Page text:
Friday, March 16, 2012

Math Class

I subbed in a math class this morning.  There was a student teacher in there and he was wonderful.  He was patient, kind, and knew his material backward and forward.  (I think I may have learned the distributive property!)  Of course even the best student teachers don't feel the confidence that they need to completely master a class, and you can't blame them.  It's not their class to master, the teacher is usually sitting right there watching (which is ominous and intimidating even if you have the best cooperating teacher), they are not that much older than their students, and the students can sense all this and take advantage of it.  Every teacher knows that on days when you are not feeling your best, students sense it; much like sharks smelling blood in the water, and go in for the proverbial kill.

When I find I'll be working with a student teacher I ask them how much they want me involved and I offer myself up for anything they need.  Most of the time the student teacher is happy to have an opportunity to be the lead teacher in the class.  That's how I felt when I was a student teacher.  I was so relieved when my cooperating teachers were gone and there was a sub.  Now I'm the sub and I tell them they are the ones who know what is going on, so I am there as their assistant, willing to help in any way I can.  Need me to play bad cop to your good cop in classroom discipline? No problem.  Want me to correct papers?  Give them to me.  Need a break and want me to teach?  Sure thing.  Usually they say they want to do it all.  That's my favorite because then I can sit back and read a book.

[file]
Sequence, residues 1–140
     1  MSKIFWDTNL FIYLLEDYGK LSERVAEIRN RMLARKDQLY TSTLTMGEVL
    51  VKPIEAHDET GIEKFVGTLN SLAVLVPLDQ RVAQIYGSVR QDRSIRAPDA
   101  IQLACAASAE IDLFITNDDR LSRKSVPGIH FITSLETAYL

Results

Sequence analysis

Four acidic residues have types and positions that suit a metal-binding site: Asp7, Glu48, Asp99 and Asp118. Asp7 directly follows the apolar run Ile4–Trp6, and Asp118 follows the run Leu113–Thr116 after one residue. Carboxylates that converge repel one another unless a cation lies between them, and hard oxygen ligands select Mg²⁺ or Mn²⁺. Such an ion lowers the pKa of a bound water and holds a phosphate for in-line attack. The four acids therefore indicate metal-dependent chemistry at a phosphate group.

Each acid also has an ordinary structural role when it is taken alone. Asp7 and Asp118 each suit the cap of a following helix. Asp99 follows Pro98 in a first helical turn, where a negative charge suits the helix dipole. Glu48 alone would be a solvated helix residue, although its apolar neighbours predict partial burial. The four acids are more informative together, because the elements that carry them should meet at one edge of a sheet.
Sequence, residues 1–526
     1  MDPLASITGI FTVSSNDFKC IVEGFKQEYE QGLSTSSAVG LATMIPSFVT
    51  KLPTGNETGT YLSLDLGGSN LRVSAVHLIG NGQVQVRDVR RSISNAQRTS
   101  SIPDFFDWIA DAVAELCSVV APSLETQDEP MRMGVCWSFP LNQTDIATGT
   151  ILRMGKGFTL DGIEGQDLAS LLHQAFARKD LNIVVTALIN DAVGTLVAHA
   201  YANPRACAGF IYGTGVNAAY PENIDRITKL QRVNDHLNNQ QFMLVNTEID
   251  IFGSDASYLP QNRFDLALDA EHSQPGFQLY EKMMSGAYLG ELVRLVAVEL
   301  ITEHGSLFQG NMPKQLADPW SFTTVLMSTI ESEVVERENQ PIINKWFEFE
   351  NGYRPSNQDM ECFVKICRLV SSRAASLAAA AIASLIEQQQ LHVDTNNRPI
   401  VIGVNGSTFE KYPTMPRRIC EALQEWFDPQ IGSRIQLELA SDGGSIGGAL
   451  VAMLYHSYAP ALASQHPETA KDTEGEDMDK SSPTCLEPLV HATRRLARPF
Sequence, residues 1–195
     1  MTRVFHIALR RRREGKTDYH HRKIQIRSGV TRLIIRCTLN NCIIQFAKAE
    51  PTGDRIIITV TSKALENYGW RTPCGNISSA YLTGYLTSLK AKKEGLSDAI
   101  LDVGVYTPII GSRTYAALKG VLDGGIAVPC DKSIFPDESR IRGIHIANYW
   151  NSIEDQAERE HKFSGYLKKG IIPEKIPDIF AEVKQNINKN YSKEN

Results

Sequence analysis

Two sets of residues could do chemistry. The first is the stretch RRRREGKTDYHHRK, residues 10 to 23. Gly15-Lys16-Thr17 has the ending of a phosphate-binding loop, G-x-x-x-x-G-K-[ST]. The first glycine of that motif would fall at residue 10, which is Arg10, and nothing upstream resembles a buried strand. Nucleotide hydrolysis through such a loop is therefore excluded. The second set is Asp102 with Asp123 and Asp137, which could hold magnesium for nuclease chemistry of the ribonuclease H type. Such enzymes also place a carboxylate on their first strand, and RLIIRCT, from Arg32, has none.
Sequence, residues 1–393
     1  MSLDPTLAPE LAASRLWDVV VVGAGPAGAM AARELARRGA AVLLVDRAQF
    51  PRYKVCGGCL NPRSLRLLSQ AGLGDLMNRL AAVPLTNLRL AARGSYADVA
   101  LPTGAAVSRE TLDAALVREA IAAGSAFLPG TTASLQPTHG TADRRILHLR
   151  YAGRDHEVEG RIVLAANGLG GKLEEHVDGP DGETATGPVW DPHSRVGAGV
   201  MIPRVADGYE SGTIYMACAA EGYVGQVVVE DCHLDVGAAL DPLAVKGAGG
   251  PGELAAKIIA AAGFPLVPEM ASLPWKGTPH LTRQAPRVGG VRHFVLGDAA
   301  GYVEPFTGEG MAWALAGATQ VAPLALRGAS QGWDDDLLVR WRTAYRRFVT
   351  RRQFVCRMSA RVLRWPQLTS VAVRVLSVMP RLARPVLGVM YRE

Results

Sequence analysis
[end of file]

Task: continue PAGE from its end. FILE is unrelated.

Like I said, the teacher I was with this morning was very good but the kids could have been nicer.  They did some of my absolute worst pet peeves and because this man hasn't seen it ten thousand times already, he dealt with it with too much patience and kindness.

Pet peeve number 1:  A student wanders in to class just as the bell rings.  He has NOTHING in his hands.  He sits down at his desk.  The teacher gets started with the lesson saying something along the lines of, "Today we are going to correct your study guide and then have the chapter test.  You may use your notes on the test." The teacher tells everyone to get their study guide out and get ready to correct, and waits a minute or two so everyone can get ready.